Bat Found Flying Around Unadilla Resident’s Head in Bed Tests Positive for Rabies, Prompts Health Concerns
In a recent incident reported by international sources, health authorities from the Otsego County Department of Health have revealed that a man experienced a startling encounter in the middle of the night last week. The man awoke to discover a bat circling his head while he was in bed.
Reacting swiftly, the man managed to capture the bat and safely removed it from his immediate vicinity. Subsequently, upon confiding in a friend about the unusual incident, he was advised to contact the local health department to ensure appropriate action was taken.
Officials at the health department promptly tested the captured bat, and the results returned this week have been positively identified as carrying the rabies virus. This revelation has raised concerns regarding the potential exposure of the resident to the virus, as it is not always immediately evident if a bat bite has occurred. Due to the small size of bat teeth, individuals might not detect a bite wound upon inspection.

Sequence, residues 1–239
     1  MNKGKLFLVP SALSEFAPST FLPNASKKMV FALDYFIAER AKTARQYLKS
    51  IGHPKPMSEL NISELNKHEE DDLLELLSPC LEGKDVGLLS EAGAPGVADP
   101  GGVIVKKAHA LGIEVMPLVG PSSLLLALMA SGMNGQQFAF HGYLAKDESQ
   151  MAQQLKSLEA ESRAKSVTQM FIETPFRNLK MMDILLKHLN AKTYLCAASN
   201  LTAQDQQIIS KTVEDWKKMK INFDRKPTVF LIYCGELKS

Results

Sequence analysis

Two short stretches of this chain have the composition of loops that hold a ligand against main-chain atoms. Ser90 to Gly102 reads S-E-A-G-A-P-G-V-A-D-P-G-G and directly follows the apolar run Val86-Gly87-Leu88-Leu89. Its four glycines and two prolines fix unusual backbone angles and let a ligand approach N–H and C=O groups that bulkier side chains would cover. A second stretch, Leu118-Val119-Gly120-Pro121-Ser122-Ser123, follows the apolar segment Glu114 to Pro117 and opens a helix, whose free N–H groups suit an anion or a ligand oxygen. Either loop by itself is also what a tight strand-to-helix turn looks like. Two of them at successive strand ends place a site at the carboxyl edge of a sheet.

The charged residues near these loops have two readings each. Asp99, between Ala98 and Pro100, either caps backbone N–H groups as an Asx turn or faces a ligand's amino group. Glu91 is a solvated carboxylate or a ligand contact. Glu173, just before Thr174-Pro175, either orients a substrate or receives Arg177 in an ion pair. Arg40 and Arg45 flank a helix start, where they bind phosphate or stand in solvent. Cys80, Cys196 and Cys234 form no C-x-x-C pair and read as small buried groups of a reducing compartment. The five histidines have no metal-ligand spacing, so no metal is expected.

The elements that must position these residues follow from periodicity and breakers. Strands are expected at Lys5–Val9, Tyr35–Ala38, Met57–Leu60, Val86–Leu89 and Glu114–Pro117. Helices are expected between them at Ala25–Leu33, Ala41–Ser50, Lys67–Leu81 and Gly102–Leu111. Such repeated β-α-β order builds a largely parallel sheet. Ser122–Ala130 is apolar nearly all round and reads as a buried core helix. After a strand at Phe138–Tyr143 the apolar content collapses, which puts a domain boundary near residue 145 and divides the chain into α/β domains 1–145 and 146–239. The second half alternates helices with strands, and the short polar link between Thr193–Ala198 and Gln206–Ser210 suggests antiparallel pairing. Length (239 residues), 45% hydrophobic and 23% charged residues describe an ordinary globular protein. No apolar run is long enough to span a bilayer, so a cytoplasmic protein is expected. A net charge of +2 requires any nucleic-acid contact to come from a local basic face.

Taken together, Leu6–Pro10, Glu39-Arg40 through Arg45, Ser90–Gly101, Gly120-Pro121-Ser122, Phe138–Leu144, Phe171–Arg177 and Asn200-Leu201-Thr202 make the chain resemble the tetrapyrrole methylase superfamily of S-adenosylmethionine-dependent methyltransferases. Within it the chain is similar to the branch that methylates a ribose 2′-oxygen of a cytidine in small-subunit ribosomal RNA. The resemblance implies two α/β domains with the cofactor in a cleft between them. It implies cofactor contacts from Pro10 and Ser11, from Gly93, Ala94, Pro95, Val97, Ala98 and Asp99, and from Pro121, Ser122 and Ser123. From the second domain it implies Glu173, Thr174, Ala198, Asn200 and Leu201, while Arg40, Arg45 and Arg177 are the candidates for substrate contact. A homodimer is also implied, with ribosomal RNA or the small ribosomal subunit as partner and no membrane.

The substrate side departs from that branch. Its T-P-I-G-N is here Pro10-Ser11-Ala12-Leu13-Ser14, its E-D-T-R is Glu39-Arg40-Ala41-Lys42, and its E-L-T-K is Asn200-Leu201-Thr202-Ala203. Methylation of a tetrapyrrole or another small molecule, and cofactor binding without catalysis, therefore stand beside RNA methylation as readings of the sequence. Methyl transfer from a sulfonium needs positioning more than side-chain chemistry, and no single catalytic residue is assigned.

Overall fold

To mitigate any potential health risks, the Unadilla resident is presently undergoing a course of post-rabies treatment, which involves a series of administered shots to safeguard against the development of rabies.
Emphasizing public safety, Otsego County Health officials strongly advocate for the avoidance of contact with stray or wild animals, a practice that should also be instilled in children. Additionally, there is a legal mandate in place requiring the vaccination of dogs, cats, and ferrets against rabies.
In instances where unvaccinated pets come into contact with wildlife that is either suspected of carrying or has been confirmed to have rabies, owners are faced with the choice of euthanizing the pet or subjecting it to a rigorous six-month quarantine at the owner’s expense. This measure is aimed at preventing the potential spread of the disease.
It has been observed in recent months that a concerning number of animals have tested positive for rabies, prompting heightened vigilance in the community to ensure the safety and well-being of all residents.